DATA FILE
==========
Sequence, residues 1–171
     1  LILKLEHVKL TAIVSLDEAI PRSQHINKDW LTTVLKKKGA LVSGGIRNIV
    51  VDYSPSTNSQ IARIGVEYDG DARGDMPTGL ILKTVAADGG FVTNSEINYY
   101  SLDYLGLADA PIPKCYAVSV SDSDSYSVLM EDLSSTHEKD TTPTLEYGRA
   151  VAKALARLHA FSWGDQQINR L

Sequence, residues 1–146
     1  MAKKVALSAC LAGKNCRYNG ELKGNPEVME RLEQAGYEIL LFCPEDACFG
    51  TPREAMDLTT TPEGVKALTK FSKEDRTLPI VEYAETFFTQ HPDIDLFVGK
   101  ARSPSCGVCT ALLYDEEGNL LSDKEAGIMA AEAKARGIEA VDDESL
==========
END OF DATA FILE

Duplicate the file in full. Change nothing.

Sequence, residues 1–171
     1  LILKLEHVKL TAIVSLDEAI PRSQHINKDW LTTVLKKKGA LVSGGIRNIV
    51  VDYSPSTNSQ IARIGVEYDG DARGDMPTGL ILKTVAADGG FVTNSEINYY
   101  SLDYLGLADA PIPKCYAVSV SDSDSYSVLM EDLSSTHEKD TTPTLEYGRA
   151  VAKALARLHA FSWGDQQINR L

Sequence, residues 1–146
     1  MAKKVALSAC LAGKNCRYNG ELKGNPEVME RLEQAGYEIL LFCPEDACFG
    51  TPREAMDLTT TPEGVKALTK FSKEDRTLPI VEYAETFFTQ HPDIDLFVGK
   101  ARSPSCGVCT ALLYDEEGNL LSDKEAGIMA AEAKARGIEA VDDESL